Towards a theory of anonymous networking

J. Ghaderi, R. Srikant

Research output: Chapter in Book/Report/Conference proceedingConference contribution


The problem of anonymous networking when an eavesdropper observes packet timings in a communication network is considered. The goal is to hide the identities of source-destination nodes, and paths of information flow in the network. One way to achieve such an anonymity is to use mixers. Mixers are nodes that receive packets from multiple sources and change the timing of packets, by mixing packets at the output links, to prevent the eavesdropper from finding sources of outgoing packets. In this paper, we consider two simple but fundamental scenarios: double input-single output mixer and double input-double output mixer. For the first case, we use the information-theoretic definition of the anonymity, based on average entropy per packet, and find an optimal mixing strategy under a strict latency constraint. For the second case, perfect anonymity is considered, and a maximal throughput strategy with perfect anonymity is found that minimizes the average delay.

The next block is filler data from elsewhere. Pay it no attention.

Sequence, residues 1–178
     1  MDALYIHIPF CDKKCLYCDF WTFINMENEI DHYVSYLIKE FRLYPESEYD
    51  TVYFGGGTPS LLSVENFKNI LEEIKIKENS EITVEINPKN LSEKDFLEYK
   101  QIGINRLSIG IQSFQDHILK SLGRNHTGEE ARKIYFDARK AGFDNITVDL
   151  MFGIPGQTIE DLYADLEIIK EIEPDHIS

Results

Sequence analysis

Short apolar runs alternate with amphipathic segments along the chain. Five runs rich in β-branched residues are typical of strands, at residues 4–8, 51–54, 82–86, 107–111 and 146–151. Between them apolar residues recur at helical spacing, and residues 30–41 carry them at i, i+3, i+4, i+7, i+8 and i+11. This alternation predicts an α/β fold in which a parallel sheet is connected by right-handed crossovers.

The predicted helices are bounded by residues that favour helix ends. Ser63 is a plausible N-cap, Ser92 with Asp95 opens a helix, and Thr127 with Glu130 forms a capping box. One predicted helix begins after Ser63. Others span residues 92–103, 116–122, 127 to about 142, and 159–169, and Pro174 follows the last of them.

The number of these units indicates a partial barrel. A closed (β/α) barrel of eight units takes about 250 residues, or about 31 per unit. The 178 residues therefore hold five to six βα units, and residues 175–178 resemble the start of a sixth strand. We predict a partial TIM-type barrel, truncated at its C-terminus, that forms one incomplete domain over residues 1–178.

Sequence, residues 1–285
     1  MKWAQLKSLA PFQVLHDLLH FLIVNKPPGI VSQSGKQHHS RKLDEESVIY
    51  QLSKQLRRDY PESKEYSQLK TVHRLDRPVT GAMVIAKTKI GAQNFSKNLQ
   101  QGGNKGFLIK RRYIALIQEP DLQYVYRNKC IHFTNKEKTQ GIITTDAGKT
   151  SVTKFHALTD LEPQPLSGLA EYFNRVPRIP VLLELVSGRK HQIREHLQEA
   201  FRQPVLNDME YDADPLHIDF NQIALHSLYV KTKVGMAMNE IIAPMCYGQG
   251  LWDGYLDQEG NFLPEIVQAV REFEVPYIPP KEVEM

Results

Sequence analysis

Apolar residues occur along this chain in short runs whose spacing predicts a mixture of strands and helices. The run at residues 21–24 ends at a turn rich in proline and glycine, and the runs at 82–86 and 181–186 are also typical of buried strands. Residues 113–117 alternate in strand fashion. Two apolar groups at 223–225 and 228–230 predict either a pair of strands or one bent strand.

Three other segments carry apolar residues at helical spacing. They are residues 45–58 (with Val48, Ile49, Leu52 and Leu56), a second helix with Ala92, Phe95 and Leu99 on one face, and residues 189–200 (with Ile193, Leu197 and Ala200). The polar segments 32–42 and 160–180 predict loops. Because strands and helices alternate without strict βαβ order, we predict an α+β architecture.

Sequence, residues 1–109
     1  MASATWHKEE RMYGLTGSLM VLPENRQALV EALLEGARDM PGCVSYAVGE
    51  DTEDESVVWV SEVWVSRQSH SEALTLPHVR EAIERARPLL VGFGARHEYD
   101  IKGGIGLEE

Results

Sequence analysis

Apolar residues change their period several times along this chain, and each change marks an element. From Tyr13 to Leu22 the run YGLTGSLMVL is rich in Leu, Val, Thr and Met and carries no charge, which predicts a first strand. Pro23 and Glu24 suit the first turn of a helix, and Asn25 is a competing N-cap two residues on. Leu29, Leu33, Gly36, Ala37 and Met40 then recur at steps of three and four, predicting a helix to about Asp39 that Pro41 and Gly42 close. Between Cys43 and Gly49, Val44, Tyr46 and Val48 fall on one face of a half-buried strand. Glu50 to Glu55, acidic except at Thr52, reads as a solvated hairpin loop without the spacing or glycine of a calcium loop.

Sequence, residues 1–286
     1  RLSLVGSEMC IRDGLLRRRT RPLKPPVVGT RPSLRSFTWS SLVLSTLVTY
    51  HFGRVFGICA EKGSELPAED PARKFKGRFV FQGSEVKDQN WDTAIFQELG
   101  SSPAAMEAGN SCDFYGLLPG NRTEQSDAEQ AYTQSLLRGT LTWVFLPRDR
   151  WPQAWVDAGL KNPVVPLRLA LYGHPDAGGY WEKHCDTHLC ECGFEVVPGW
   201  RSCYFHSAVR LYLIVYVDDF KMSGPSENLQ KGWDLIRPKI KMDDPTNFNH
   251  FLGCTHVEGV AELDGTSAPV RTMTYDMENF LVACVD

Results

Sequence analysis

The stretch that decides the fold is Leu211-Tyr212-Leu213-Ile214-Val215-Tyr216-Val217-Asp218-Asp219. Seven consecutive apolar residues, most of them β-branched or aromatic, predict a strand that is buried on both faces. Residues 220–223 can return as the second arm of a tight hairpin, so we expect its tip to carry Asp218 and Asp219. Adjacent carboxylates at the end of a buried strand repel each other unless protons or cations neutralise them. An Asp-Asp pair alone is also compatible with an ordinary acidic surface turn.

Original languageEnglish (US)
Title of host publication2010 Proceedings IEEE INFOCOM
StatePublished - 2010
EventIEEE INFOCOM 2010 - San Diego, CA, United States
Duration: Mar 14 2010Mar 19 2010

Publication series

NameProceedings - IEEE INFOCOM
ISSN (Print)0743-166X


Country/TerritoryUnited States
CitySan Diego, CA

ASJC Scopus subject areas

  • General Computer Science
  • Electrical and Electronic Engineering


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